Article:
Forced closures, declining sales, and increased operational costs are challenges that face businesses today as the results of the novel coronavirus pandemic. No longer able to rely on consistent revenue or guaranteed sales, companies in a myriad of industries are struggling—a considerable percentage have already thrown in the flag, opting to close their doors forever.
As a successful entrepreneur and real estate lead investor, Randal Gindi understands the challenges that face today’s businesses in regard to the current pandemic. Above all, he encourages business owners to adopt an opportunistic mindset when it comes to navigating them. True entrepreneurs will seize these challenges as an opportunity to better their overall business structure, increasing their returns in the long run.
For those who are seeking to sustain or even grow their company through the pandemic despite declining sales and an uncertain economic landscape, he’s outlined these key tips for staying afloat during hard times.
Revisit your Business Model
The current pandemic has drastically altered the global economic climate; you’ll likely need to adapt your business model to meet evolving demands. That’s why Randal Gindi recommends revisiting your current operational strategies with a specific focus on financial metrics and cash flow. In your analysis, you’ll want to re-assess target sales and projected revenue while working to minimize the potential for debt incursion.
Depending on your company’s current budget and revenue, you may also need to scale up or cut back on marketing costs. Above all, be proactive in seeking ways to adapt your current business model to better meet the unique demands of today’s market. Significant changes may be necessary in order to help your company thrive through the pandemic.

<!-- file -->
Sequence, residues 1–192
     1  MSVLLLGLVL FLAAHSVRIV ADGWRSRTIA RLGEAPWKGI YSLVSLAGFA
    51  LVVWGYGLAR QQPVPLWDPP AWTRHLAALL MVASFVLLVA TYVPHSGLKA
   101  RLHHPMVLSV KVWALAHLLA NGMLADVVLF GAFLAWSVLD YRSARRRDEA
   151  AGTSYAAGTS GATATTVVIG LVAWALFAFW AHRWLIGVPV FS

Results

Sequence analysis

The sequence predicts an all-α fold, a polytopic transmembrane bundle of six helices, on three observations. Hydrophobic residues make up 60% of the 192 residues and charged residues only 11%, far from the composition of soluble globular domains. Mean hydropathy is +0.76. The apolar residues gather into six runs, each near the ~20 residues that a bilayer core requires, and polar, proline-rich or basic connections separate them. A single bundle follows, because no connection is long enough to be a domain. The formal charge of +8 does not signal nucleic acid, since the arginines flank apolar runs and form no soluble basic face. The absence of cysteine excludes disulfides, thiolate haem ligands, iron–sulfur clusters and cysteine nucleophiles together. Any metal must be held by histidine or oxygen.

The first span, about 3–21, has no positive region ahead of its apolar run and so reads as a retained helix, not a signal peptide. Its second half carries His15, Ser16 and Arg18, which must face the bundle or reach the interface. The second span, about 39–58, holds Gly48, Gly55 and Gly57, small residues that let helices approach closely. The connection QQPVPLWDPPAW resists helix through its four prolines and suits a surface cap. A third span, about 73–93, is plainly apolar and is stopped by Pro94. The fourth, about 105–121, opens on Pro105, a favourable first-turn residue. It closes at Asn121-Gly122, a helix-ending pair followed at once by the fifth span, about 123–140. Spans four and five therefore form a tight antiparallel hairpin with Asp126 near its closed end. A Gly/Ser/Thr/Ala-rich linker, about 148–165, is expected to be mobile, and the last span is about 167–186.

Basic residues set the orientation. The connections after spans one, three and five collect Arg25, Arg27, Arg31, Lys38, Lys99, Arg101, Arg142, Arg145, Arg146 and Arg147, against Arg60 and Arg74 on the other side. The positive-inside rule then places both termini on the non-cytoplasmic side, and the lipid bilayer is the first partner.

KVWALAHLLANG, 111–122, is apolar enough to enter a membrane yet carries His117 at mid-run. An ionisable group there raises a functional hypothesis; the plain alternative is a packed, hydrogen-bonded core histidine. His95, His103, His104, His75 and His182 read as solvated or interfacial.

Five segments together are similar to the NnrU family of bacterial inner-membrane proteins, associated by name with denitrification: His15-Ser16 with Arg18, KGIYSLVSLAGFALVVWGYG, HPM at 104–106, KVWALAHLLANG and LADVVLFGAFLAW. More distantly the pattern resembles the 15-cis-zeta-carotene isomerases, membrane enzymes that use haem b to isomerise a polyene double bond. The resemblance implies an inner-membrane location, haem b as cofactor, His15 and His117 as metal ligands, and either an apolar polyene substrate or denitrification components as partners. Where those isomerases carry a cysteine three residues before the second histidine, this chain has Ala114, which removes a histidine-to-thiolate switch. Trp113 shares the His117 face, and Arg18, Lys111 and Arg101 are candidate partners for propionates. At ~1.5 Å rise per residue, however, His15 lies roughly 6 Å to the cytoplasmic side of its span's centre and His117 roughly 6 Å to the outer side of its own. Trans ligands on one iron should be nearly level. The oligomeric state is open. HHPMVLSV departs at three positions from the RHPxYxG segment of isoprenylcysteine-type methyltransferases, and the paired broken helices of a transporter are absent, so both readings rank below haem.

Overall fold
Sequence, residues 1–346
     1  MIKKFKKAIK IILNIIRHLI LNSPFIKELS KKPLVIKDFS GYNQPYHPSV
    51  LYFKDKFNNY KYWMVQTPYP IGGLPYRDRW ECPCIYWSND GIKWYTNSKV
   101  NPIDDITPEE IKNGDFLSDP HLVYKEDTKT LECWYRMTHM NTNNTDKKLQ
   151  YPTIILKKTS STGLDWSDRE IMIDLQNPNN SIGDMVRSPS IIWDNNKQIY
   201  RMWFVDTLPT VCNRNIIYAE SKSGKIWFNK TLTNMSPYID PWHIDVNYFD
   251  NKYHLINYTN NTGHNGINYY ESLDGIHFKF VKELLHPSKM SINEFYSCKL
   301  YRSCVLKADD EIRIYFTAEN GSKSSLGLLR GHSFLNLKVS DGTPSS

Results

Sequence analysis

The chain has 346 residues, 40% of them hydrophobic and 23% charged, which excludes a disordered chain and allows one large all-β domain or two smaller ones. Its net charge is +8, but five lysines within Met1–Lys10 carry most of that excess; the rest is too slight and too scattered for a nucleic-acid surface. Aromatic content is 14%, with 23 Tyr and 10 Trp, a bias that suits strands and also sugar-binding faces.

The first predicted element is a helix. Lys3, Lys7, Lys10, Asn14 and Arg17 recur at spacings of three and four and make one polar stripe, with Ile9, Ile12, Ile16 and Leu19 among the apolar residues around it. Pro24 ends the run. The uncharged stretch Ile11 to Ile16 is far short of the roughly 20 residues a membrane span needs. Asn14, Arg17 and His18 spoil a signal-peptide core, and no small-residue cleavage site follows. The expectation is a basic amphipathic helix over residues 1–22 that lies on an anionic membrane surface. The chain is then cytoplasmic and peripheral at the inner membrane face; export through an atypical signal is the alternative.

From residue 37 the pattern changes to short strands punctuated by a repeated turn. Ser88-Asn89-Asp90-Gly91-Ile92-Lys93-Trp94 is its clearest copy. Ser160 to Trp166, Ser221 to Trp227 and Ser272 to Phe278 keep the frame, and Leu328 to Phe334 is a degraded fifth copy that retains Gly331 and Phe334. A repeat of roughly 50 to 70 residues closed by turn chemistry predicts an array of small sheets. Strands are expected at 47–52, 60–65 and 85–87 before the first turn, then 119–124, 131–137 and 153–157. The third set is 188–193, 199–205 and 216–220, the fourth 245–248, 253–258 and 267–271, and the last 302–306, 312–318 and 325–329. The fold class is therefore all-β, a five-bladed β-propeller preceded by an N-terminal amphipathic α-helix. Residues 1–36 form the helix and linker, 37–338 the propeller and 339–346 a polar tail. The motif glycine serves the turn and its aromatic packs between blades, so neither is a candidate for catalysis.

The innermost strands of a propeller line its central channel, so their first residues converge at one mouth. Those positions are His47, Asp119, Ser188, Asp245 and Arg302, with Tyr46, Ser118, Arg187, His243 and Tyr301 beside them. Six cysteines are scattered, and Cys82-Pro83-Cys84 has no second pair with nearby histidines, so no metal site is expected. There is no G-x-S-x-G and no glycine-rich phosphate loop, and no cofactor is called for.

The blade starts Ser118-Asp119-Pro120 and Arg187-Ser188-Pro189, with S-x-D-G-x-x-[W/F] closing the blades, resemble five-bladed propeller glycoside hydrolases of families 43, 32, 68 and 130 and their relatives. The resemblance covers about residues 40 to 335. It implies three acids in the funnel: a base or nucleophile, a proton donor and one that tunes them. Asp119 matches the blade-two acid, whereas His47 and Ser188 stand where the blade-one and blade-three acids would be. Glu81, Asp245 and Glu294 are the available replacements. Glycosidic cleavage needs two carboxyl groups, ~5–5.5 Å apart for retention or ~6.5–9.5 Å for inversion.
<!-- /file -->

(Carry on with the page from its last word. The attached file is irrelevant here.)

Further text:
Seek to Cut Costs
Amidst lockdown mandates many companies have been forced to shut their physical doors to the public. As a result, numerous ventures have successfully pivoted their strategies to thrive on online platforms—some have shifted entirely to ecommerce models. As highlighted by Randal Gindi, these methods hold a two-fold benefit: they increase the company’s overall marketing reach while minimizing overall costs associated with brick-and-mortar businesses. For many, the result is a company that achieves higher profit margins despite declining or stagnant sales.
Of course, the nature of some businesses dictates that a transition towards fully online operations is impossible. In these cases, Randal Gindi still recommends re-assessing your current business operations to cut cost where it matters most in order to create a wider margin for potential profit.
As demonstrated consistently throughout history, crisis breeds innovation. It’s some of mankind’s most trying times that have brought about many of our most essential advancements. That’s why Randal Gindi recommends that struggling businesses view today’s uncharted economic landscapes as the perfect opportunity to seek new and improved business solutions.
Use online platforms to foster a valuable staff support system, actively seek collaborative solutions for your company’s problems, and embrace change as the necessary ingredient for success. Many distilleries, for example, have turned to making hand sanitizer rather than craft beers. Designer houses have halted the production of their clothing lines to instead pump out much-needed masks. Similarly, Randal Gindi advocates for thinking outside of the box in order to achieve success in this new and evolving market.
Build Consumer Loyalty
Customer loyalty has always played an essential role in successful business practices. Amidst the economic pressures posed by the pandemic, however, it’s more important than ever. That’s why, Randal Gindi recommends that business owners actively seek ways to serve their surrounding communities during these trying times. Go the extra mile in delivering services, participate in community aid initiatives, or offer valuable reward programs. Outside of promoting brand awareness, community outreach initiatives also work to humanize the company, promoting long term loyalty and consistent business despite economic downturns.